Body talk: the power of words for a positive body image


Body talk: the power of words for a positive body image

Talking about our bodies is like an unwritten rule in female friendship – many of us do it constantly and automatically: "I feel fat in these jeans," "I’ve put on so much weight," or "Gosh, my skin looks awful today." Talking about your looks might seem like a way to bond with your child and friends, but it’s worth considering what effect it could have. 

Use our action checklist to stop the ‘fat talk’ and start a new kind of conversation for a positive body image – yours, your friends' and your child's.

Teach your child to talk positively about their body

If you're not guilty of these kinds of put-me-downs, then you're in the minority. A study of female college students, published by the Psychology of Women Quarterly, found that 93% engaged in this type of talk – dubbed ‘fat talk’ – and a third did so regularly. The study found those who complained about their weight more often were likely to have lower satisfaction with their bodies – irrespective of their actual size. 

When we talk in this way our children pick up on it. It may seem to them that physical appearance is how women judge and value themselves and each another. Is this how we want our children to evaluate themselves?

"Words can have a huge impact on our self-esteem, and constantly talking negatively about our bodies can reinforce the idea that there is only one type of body shape that is beautiful," explains body confidence expert Jess Weiner. "It’s a pattern we have to break if we want our daughters to grow up to be confident about the bodies they’ve got." 

Aren’t you bored of all the body talk?

Body talk doesn’t just refer to body-bashing. Talking about your appearance, even in a positive way, can contribute to low self-esteem by placing undue attention on certain physical features. It’s all about beauty psychology – by telling a friend they look great and following up with "Have you lost weight?",  you’re reinforcing the stereotypical view that skinny equals beautiful.

By discussing your gruelling exercise or diet regime or fluctuating weight, you’re implying that weight is the primary factor in what it means to be fit and healthy.

Less fat talk, more fun talk

Just three minutes of fat talk can lead to women feeling bad about their appearance and increase their body dissatisfaction, according to a study titled Adverse Effects of Social Pressure to be Thin on Young Women: An Experimental Investigation of the Effects of ‘Fat Talk’ in the International Journal of Eating Disorders. Making the effort to cut it out should make you feel better about yourself. In turn, your child will pick up on the more positive language and be less likely to put herself down.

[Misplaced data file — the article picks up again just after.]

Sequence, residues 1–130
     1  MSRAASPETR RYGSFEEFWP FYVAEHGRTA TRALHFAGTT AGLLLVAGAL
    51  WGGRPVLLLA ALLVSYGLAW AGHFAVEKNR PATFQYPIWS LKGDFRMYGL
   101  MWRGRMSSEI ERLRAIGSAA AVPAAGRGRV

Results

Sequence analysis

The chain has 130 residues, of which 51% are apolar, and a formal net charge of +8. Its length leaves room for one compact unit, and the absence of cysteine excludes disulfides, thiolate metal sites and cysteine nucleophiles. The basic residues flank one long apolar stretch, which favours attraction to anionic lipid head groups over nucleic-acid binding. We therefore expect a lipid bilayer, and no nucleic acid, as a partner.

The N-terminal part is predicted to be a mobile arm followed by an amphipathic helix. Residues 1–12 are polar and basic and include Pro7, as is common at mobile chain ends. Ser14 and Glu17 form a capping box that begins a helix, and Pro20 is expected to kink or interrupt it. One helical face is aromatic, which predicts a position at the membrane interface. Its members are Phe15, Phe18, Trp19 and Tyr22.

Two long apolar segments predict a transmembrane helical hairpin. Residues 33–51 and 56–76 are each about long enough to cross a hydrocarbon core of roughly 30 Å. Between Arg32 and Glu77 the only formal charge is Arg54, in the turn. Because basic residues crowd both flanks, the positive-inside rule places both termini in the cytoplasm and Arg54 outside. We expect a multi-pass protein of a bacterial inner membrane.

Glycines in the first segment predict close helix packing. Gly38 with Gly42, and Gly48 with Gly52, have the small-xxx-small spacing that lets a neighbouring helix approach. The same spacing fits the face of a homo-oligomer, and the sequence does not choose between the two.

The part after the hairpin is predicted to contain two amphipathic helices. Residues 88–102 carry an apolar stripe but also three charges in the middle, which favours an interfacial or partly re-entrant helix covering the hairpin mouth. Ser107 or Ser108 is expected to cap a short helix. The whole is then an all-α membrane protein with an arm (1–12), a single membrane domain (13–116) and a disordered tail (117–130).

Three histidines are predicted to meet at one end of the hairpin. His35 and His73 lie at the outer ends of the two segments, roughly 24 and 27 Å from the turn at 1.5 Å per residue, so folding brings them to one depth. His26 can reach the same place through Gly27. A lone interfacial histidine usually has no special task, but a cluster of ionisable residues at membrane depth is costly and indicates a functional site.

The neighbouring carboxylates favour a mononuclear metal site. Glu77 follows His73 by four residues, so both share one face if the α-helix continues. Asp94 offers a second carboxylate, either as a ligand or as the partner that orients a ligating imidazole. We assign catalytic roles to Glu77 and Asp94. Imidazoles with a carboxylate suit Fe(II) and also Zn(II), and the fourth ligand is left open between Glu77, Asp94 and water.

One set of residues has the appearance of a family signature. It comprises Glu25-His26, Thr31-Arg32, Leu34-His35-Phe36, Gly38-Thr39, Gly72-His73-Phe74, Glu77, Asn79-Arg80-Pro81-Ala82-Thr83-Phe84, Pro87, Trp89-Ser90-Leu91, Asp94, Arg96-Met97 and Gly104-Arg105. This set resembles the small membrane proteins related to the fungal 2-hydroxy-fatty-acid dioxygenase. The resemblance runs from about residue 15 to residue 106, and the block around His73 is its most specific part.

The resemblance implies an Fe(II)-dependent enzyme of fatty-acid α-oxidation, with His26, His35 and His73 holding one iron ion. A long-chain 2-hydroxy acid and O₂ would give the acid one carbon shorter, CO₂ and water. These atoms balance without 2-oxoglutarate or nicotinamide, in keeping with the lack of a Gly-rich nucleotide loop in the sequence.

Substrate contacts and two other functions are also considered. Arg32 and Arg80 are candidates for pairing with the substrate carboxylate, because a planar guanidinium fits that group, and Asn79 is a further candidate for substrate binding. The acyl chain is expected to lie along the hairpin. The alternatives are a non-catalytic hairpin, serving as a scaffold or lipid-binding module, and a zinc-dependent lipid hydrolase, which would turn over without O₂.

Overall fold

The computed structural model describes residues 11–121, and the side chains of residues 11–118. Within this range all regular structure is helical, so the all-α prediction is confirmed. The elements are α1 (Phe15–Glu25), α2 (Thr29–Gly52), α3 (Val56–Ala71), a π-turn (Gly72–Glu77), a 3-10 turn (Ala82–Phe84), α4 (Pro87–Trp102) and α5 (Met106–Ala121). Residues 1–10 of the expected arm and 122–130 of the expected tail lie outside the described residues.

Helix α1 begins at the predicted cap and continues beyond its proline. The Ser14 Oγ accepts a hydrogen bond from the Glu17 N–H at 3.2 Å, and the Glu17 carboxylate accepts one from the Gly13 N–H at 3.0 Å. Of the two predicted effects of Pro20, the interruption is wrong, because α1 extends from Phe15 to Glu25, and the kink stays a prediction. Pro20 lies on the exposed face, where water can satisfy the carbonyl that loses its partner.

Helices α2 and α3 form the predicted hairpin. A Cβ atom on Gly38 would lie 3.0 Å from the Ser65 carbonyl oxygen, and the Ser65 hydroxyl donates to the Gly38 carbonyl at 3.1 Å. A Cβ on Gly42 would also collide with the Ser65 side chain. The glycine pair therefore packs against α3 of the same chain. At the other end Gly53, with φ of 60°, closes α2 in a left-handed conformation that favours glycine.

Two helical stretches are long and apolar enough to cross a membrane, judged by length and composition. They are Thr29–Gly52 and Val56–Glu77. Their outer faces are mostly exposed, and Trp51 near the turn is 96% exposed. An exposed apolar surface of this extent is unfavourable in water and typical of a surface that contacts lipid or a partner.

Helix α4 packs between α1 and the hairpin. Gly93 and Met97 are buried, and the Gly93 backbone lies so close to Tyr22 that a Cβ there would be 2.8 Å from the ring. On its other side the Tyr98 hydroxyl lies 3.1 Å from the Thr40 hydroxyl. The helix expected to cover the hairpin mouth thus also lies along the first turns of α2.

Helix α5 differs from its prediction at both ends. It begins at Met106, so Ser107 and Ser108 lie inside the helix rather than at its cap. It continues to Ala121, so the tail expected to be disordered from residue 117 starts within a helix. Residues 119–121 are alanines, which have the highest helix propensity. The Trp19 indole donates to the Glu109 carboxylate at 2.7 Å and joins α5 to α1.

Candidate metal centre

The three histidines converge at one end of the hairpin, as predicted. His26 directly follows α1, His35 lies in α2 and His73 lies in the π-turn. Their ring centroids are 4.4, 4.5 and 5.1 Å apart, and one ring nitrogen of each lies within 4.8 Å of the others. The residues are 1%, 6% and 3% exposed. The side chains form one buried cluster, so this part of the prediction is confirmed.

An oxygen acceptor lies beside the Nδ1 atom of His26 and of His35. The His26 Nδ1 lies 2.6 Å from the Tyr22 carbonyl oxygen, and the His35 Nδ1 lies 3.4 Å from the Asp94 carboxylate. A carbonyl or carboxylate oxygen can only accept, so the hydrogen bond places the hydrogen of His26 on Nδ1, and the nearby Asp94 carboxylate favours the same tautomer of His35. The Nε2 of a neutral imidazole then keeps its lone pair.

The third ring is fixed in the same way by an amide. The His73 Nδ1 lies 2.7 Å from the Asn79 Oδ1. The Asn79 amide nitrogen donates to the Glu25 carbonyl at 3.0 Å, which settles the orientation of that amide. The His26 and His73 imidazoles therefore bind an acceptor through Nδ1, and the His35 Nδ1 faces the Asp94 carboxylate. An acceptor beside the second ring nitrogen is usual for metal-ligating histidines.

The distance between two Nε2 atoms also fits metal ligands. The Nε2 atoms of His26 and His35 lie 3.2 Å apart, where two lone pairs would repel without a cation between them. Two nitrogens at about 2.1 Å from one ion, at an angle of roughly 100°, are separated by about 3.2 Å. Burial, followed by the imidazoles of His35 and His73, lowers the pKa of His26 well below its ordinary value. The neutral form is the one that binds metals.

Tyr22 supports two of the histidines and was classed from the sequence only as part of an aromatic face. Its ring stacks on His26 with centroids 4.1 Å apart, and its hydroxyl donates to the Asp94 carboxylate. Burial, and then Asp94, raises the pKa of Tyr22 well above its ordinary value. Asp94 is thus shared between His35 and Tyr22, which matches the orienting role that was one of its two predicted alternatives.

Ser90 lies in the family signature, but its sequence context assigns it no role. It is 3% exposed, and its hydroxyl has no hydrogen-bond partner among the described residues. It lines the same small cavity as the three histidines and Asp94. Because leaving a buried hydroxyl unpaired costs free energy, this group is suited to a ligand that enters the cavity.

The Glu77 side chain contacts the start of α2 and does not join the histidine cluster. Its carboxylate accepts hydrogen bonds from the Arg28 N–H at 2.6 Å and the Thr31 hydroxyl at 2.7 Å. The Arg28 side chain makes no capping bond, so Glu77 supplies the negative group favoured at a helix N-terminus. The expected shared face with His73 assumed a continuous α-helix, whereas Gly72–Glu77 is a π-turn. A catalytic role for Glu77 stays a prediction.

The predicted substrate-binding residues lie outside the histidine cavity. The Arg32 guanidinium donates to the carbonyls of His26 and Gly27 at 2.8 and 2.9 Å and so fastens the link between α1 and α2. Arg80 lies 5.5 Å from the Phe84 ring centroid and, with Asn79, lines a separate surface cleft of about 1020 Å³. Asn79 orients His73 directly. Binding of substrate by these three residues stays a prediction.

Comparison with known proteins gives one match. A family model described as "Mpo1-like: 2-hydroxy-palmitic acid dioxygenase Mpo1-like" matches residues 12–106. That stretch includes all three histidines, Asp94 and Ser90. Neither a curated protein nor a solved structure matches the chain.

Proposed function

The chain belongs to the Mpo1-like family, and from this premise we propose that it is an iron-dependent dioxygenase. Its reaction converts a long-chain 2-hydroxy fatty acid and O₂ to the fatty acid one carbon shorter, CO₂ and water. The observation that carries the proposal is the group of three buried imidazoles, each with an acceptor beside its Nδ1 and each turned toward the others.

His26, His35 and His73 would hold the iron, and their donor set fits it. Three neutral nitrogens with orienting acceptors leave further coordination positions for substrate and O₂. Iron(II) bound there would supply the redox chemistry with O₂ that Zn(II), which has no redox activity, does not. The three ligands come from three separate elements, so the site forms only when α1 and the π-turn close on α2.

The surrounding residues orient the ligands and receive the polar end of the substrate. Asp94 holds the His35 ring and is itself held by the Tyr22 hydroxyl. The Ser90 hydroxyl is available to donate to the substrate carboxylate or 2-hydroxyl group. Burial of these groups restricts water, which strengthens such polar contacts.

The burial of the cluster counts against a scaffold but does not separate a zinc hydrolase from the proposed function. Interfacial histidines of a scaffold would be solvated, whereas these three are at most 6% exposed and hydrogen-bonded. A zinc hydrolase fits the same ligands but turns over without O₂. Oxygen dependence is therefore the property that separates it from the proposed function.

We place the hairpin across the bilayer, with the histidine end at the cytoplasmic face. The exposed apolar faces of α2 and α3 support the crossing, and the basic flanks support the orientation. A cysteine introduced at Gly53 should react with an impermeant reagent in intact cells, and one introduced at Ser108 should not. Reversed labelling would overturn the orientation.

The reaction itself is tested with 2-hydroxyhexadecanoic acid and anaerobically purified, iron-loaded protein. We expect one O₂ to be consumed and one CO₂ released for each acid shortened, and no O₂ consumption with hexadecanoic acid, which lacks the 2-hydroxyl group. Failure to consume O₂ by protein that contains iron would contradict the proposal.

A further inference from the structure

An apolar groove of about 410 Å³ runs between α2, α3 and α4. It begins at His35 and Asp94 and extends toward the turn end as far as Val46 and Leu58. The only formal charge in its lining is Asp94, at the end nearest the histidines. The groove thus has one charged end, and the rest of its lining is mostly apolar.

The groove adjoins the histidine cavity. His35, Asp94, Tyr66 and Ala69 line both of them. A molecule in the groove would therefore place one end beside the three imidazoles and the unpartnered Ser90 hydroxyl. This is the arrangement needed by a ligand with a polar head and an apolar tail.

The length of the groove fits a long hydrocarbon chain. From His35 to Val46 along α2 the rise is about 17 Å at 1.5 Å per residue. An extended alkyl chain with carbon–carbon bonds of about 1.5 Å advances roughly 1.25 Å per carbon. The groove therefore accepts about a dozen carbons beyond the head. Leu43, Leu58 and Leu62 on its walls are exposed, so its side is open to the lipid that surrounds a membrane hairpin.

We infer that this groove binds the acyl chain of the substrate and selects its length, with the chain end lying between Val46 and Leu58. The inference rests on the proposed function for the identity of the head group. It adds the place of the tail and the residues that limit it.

The words we use when talking about our bodies can damage our self-esteem, but they can also improve it. By focusing less on weight and body shape in your conversations, you can break the habit of reinforcing beauty stereotypes.

Action checklist How to fight fat talk and increase self-esteem

Try out Jess Weiner’s action checklist and see how much better you and your child feel about yourselves.

  • 1.

    Your words have power

    Use your words to show your child there’s more to life than appearances. By making the change yourself, you’ll help them do the same and show them there’s more than one way to be beautiful

  • 2.

    Take the one-week challenge

    Challenge yourself to a week of no fat talk. It might be hard at first, but if you tell friends and family about it, they can support you and even try it for themselves 

  • 3.

    Tell your friends you’re bored of body talk

    Next time you meet up with a friend, if they start any fat talk reassure them but also alert them to the negative impact of their words – for example: "I adore you and it hurts me to hear you talk about yourself that way

  • 4.

    Focus on the fun talk
    

    Avoid fat talk when discussing diet and exercise, focusing instead on the emotional and health benefits. So, if your friend has started a new fitness regime, perhaps ask them whether they’re feeling stronger or sleeping better 

  • 5.

    Replace negative with positive

    If you start to fall into the ‘body talk trap’, try turning a negative into a positive. Think of a positive replacement statement for everything negative you might say about your or others' appearance

  • 6.

    Love your body

    The first step to building self-esteem and positive body confidence is to love and appreciate your body. Use it to feel energised – go for a walk and enjoy the fresh air, do some gardening or take the kids for a bike ride

  • 7.

    Tackle your harsh words about others

    Stop making criticisms about other people's weight or looks. Not only will your child subconsciously pick up this negative behaviour, they’ll also interpret it to mean that bigger can’t be beautiful

next steps

  • Use the action checklist as a starting point for changing the conversations you have with your child
  • Share our self-esteem boosting activities with your child. They might help them if they’re feeling negative about how they look
  • Steer conversations away from ‘fat talk’ by changing the subject or turning negatives into positives. For instance, instead of "I’m fat," try "I’m curvy"
  • Let your child know you’re going to avoid body talk in future because there are so many more interesting things for you to chat about. Encourage them to do the same with her friends

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